The fresh round of vice-ministerial-level trade talks between US and China had a good start this week. Chinese Vice Premier Liu He made a surprise appearance at the meeting, sending a positive signal and helping lift stock markets in Hong Kong, mainland China and US.
That said, even if the two sides reach a deal, it doesn’t necessarily mean that all industries will benefit from it. Chinese auto makers, for one, are probably going to get the short end of the stick.
Automotive industry, which plays a critical role in the US economy, is set to be a key battlefield in US-China trade talks.
US car exports to China now face a much higher tariff than the rate US imposes on imported Chinese cars.
Beijing has changed its tariff on US car imports frequently over the past few months.
In July last year, China kept the 25 percent tariff on American-made cars as part of retaliatory measures against the US, while reducing the tariff on auto imports from other nations to 15 percent. It subsequently raised the tariff for US car imports to 40 percent.
After the two nations agreed to a 90-day trade war truce in Buenos Aires on December 1, Beijing agreed to lower the tariff on US car imports to 15 percent.
Soon after, US President Donald Trump tweeted that China will not only lower the tariff, it may remove it completely.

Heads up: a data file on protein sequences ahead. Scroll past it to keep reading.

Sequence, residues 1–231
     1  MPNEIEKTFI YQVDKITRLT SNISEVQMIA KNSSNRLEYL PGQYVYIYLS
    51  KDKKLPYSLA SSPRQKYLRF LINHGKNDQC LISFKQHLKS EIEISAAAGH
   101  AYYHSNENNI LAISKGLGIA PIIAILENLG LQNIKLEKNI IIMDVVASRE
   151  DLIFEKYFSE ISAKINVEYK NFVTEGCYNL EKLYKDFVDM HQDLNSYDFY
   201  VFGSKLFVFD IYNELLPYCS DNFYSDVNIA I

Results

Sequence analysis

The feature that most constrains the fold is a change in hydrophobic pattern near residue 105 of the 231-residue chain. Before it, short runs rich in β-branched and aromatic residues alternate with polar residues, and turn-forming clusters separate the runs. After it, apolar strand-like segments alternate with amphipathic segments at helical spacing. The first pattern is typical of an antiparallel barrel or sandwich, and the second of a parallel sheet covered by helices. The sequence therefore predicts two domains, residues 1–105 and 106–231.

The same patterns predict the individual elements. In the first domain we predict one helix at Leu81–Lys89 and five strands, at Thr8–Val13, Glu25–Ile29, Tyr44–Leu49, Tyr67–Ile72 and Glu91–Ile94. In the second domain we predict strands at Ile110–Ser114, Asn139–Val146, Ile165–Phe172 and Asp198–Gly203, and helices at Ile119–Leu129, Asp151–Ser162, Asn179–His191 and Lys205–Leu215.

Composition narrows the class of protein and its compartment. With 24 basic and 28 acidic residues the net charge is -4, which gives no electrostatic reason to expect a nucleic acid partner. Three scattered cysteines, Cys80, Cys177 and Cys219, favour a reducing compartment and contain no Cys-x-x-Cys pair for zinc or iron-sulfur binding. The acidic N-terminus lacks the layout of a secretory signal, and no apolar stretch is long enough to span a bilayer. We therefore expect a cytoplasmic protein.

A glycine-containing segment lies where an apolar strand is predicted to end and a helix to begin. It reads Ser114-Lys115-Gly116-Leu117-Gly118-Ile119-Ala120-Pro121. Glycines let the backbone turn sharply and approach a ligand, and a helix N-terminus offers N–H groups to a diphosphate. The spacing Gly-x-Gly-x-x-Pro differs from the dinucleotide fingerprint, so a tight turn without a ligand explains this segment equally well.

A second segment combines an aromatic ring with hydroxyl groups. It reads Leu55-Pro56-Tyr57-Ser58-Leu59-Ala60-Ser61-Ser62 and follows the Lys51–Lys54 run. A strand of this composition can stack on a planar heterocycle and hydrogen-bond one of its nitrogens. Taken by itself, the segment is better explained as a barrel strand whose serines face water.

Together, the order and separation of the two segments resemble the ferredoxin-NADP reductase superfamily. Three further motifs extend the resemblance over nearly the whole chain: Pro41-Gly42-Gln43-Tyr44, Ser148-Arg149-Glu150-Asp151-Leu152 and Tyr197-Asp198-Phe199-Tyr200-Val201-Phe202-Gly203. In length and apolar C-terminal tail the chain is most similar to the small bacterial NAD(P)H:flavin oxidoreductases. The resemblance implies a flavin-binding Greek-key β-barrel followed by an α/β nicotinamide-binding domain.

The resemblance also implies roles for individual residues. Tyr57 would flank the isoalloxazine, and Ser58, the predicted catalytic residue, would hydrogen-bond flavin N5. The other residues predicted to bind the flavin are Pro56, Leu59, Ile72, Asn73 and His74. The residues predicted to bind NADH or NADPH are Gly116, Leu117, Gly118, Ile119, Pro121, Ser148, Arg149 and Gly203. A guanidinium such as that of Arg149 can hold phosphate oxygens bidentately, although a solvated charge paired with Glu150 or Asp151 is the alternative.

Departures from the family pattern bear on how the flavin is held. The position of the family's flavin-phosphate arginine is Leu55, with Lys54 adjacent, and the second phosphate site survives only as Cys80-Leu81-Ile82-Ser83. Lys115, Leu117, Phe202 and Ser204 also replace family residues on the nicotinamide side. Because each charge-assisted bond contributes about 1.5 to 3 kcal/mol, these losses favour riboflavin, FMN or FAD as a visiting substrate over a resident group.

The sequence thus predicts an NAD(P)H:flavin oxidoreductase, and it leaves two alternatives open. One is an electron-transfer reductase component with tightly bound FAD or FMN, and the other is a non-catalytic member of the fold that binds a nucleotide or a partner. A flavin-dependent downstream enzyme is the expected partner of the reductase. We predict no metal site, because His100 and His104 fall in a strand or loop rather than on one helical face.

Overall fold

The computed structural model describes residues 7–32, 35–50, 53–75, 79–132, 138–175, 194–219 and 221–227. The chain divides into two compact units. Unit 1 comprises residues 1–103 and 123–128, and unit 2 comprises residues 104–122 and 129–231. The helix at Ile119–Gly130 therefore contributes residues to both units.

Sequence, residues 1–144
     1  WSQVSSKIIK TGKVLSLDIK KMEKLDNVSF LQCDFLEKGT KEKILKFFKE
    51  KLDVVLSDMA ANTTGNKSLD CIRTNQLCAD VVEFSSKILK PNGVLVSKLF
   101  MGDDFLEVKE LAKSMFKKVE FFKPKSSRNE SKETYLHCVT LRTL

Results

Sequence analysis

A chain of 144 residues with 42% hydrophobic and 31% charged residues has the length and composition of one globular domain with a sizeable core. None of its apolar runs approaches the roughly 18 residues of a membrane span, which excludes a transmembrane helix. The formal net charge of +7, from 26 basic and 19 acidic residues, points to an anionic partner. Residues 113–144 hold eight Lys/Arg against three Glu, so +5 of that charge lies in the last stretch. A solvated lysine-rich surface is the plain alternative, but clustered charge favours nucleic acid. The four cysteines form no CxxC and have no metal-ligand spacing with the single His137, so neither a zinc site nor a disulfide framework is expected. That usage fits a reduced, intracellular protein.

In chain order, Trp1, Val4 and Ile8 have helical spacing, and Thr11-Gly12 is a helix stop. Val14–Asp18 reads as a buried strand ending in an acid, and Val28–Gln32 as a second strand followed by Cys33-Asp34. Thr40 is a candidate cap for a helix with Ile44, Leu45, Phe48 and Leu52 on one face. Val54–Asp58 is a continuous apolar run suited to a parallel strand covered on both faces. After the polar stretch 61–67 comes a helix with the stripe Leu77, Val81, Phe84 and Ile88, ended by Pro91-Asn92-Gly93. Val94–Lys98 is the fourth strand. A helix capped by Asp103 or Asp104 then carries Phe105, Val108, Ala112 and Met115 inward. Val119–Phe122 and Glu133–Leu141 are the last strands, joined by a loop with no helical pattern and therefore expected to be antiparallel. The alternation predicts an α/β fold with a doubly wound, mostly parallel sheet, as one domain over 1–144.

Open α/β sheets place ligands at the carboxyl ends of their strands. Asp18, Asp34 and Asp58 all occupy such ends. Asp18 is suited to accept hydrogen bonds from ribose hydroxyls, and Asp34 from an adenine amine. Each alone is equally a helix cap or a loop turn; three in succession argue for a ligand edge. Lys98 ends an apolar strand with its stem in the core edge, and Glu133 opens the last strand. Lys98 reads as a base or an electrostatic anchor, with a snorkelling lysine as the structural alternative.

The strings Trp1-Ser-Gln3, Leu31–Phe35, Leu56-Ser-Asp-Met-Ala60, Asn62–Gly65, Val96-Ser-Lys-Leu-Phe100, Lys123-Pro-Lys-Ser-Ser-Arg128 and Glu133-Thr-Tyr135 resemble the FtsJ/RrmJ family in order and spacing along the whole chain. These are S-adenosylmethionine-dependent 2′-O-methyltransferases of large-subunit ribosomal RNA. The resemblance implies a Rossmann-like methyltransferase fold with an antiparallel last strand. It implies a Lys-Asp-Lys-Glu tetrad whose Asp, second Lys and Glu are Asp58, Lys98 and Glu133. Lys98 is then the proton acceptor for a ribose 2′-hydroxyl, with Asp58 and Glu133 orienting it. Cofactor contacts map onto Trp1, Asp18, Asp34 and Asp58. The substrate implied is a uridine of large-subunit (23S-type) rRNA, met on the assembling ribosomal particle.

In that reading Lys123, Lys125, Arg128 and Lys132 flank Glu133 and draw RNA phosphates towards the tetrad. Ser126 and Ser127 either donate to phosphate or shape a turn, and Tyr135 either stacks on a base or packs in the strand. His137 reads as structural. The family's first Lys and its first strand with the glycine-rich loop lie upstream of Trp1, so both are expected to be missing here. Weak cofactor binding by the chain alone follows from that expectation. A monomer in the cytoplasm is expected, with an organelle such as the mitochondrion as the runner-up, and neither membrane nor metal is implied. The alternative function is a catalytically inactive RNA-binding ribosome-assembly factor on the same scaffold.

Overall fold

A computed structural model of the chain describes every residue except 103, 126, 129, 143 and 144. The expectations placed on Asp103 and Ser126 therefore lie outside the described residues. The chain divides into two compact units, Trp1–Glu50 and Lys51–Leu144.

US trade Representative Robert Lighthizer and Peter Navarro, White House trade policy adviser, both noted that the US is confident of reaching a zero car tariff deal with China, given that Washington only levies a 2.5 percent tariff on Chinese car imports.
A lower or zero tariff will no doubt create more competitive pressure for indigenous mainland brands such as Geely and BYD.
Meanwhile, Tesla’s wholly-owned factory in Shanghai witnessed a ground-breaking ceremony on Monday. It is the first project allowing 100 percent foreign ownership.
Being able to produce locally will save Tesla considerable amounts in logistics and production costs, and give the US electric car maker an edge in competing for market share.
Over the years, Beijing has been requiring foreign automakers to form joint ventures with local partners, and their ownership is capped at 50 percent.
Global auto firms including Benz, BMW, Ford, Toyota and Honda have all set up joint ventures in China, in which they own half the stake in order to tap the huge market, now worth about 3 trillion yuan a year.
Such moves to open up the market will expose local auto makers to more intense competition.
This article appeared in the Hong Kong Economic Journal on Jan 9
Translation by Julie Zhu
[Chinese version 中文版]
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